My Telenovella Career


In primitive television times, before Mr. Rogers and Sesame Street, local tv stations had their own kiddy shoes to fill in the gap between soap operas and the news when grubby children descended from school and needed to be distracted with something so mommy could focus on her drinking. In Houston, where I grew up, the answer was Kitirik (her name came from the call letters of the station, KTRK, with I’s stuck in the middle. Who knows why? It was the 60’s.) She was suppose to look like a black cat as some vague-ass reference to their location on unlucky channel 13, so she wore sort of a hood with kitty ears and dressed in a black leotard, fishnets and heels. Of course. Doesn’t everyone want their children entertained by a dominatrix pole dancer?

I watched everyday, entranced. There were cartoons and cheesy local commercials, but the best was kids who got to appear on the show and be interviewed on their birthday. The high point of my young life were the two times I got to be a part of the birthday scrum on Kitirik. The first time I was so little. I don’t even remember it, something about being on a carousel, but by the second time around, when I was 6, I was much more sophisticated and still cherish the memory.

By that time, the set had changed and she lived in a tee house (why?) and the birthday brats were interviewed seated in a big nest (again, why? A cat and a nest, creepy and nonsensical. The director must have been on drugs and drinking. Heavily. If your career had wound up here, wouldn’t you?) Kitirik came around and asked us some bogus questions to give us each camera time. “How old are you? What’s your favorite food? What’s your daddy’s credit card number?” Then she gave us a toy and a Hostess cupcake.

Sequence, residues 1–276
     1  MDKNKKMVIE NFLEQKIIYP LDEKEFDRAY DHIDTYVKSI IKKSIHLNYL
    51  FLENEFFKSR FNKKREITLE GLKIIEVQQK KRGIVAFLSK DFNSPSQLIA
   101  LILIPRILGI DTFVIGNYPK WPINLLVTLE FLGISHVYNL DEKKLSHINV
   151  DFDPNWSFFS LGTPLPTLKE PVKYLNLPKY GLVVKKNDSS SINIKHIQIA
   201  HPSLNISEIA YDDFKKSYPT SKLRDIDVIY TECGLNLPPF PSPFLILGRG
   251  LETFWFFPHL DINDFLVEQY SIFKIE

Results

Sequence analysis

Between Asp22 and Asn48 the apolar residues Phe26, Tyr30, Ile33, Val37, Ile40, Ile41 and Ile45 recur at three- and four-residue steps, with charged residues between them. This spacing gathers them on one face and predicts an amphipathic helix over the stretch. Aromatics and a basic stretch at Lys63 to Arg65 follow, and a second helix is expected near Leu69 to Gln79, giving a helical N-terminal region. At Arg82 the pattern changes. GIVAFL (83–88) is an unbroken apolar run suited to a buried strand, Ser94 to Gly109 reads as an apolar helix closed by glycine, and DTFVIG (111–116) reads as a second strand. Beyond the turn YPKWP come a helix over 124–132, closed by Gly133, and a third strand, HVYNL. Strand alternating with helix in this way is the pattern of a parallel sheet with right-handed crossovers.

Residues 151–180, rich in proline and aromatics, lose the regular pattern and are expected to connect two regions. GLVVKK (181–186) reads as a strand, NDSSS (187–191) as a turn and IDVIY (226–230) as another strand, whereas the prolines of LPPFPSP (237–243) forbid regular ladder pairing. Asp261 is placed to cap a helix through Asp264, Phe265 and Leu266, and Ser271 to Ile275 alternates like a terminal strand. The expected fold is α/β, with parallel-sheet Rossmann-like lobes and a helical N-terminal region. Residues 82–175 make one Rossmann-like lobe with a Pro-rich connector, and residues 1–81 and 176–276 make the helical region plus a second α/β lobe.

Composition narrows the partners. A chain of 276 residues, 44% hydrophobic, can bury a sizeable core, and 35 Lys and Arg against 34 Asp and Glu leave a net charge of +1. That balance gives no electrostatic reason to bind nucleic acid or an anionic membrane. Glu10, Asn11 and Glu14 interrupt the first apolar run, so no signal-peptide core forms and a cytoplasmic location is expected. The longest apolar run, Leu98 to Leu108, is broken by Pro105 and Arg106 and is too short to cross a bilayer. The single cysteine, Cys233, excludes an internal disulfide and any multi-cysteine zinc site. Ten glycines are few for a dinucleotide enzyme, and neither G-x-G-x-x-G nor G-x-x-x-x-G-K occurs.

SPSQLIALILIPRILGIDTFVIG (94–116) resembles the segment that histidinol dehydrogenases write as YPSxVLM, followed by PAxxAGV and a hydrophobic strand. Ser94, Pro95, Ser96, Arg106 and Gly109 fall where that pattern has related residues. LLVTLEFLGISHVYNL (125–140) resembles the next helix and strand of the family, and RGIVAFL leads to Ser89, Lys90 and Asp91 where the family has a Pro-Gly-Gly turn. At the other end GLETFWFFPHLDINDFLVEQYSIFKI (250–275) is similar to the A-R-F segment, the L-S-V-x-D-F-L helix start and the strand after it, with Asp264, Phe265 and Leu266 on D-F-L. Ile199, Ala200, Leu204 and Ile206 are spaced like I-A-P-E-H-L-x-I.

Because I was a boy, I got a toy gun. It was Texas, get real. But what a gun! A red and black space laser rifle, perfect for blasting aliens. “Look, mama, a drag queen stripper gave me a gun and junk food!” No wonder I’m gay.

About mrpeenee

A former bon vivant and terror of a number of New Orleans bars in the mad, gay 1980s, I'm now quietly retired and widowed in San Francisco. I have a crooked nose due to an unfortunate Frisbee accident.

3 responses »

  1. Such memories! I grew up watching Kitirick as well. Remember all the kids being asked thier favorite food? Every single one of those gap toothed youngsters would say “skeddy” (a lisping childs attempt at spaghetti.

    My brother and I sent once and had a blast. We got home and found out that none of our friends had seen us as LBJ was in twon that day and his visit had preempted our show!


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